Taking It On the Chin and Learning
Traders who want to be successful must believe that they are responsible for the outcomes of their trades – both losers and winners, says Bob Prechter. They particularly have to learn how to deal with losses, since losses are part of the trading terrain. You've got to be able to take it on the chin and get up to trade again. Here is his advice for the next two secrets of becoming a successful trader, from his own book, Prechter's Perspective.
Bob Prechter's Six Secrets of a Successful Trader
1. Find a method. 2. Be disciplined. 3. Get experience. 4. Accept responsibility. 5. Accommodate losses. 6. Accept huge gains.
Now that we've learned why getting experience is important, what is Requirement No. 4 for becoming a successful trader?
Bob Prechter: Accept responsibility. There are many evasions of responsibility that automatically disqualify millions of people from joining the ranks of successful speculators. For instance, to moan that "pools," "manipulators," "insiders," "they," "the big boys," "program trading" or Fed chairmen are to blame for one's losses is a common fault.
People who utter such convictions are doomed before they start trading. They have philosophically conceded that the market is random or "fixed." If they believe that, then there is no case to be made for trying to make money at it.
Take every gain and loss as your due, and you will retain control of your ultimate success to the extent that the market will allow.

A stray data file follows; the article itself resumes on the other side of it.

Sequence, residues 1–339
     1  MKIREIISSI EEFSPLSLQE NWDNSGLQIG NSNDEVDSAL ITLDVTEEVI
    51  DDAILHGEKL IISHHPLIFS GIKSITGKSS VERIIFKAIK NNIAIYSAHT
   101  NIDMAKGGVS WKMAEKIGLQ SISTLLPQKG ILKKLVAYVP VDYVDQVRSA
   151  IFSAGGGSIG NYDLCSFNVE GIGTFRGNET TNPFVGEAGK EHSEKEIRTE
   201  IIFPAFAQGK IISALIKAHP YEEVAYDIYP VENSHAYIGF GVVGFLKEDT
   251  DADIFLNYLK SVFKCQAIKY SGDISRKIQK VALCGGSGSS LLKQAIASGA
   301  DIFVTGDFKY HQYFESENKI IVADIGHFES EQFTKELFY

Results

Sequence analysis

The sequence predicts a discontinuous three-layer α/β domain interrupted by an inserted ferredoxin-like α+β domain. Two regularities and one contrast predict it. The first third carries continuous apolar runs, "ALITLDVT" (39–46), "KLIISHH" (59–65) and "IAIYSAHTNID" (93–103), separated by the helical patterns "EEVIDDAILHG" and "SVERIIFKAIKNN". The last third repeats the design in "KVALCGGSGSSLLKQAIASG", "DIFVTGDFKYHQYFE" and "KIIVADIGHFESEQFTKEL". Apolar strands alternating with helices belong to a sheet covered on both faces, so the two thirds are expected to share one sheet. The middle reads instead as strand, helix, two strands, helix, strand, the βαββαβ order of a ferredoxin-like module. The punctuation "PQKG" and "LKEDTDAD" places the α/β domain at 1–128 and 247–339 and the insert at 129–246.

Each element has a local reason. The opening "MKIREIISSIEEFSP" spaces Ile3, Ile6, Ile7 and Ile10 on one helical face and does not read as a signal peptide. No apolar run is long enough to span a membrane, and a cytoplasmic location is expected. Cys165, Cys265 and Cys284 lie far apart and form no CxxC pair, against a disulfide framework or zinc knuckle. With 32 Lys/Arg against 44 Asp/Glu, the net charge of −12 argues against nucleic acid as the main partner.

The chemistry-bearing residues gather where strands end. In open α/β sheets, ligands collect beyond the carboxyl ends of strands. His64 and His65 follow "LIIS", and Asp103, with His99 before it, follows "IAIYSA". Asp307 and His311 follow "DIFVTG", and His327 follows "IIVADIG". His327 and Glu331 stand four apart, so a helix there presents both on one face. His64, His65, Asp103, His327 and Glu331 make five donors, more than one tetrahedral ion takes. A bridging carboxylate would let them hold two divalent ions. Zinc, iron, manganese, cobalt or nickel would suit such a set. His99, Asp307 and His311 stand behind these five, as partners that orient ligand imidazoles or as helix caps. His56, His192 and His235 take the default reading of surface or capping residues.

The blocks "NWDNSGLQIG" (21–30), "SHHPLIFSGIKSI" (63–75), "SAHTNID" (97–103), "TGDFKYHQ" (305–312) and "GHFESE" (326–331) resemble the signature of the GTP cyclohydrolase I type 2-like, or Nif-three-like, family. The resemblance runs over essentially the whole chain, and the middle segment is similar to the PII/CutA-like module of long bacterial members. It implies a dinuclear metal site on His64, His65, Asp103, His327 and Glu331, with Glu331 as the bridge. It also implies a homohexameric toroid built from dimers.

And Requirement No. 5?
Bob Prechter: Accept losses. You need the mental fortitude to accept the fact that losses are part of the game. My observation, after 30 years in the business, is that most people's biggest obstacle to successful speculation is a failure even to recognize and accept this simple fact.
Expecting, or hoping for, perfection is a guarantee of failure. Speculation is akin to developing a batting average in baseball. It will never be 1.000, but the higher it is, the better you are. A player hitting .300 is good. A player hitting .400 is great. But even the great player fails to hit successfully 60% of the time! He strikes out often. But he still earns a seven-figure salary, because, although not perfect, he has approached the best that can be achieved.
You don't have to be perfect to win in the markets, either; you "merely" have to be better than almost everybody else, and that's hard enough. The amazing thing is that people accept this idea with respect to baseball without a second thought, but they don't accept it in investing. When they lose, they immediately question their ability or the value of their method or advisor, even though they may have a great percentage of success overall.
Are there specific techniques you use for coping with losses?
Bob Prechter: The coping part should come before the loss. If you take a position large enough to inflict serious financial damage upon yourself, you are a loser going out of the gate. You should determine an appropriate amount of risk in advance. It is important to be honest with yourself. Most people cope with losses by lying to others and sometimes even to themselves. If you can't be honest, you're probably not handling losses well.
Is this where money management comes in – handling the losing trades?
Bob Prechter: Yes. Practically speaking, you must include an objective money management system when formulating your trading method in the first place. There are many ways to do it. Some methods use stops. I prefer using analysis to change opinion. Leverage is also crucial to manage. You need to decide how much of your funds to place at risk. Most people commit too much each time to futures or options and eventually get killed. After all is said and done, learning to take and handle losses will be your greatest triumph.
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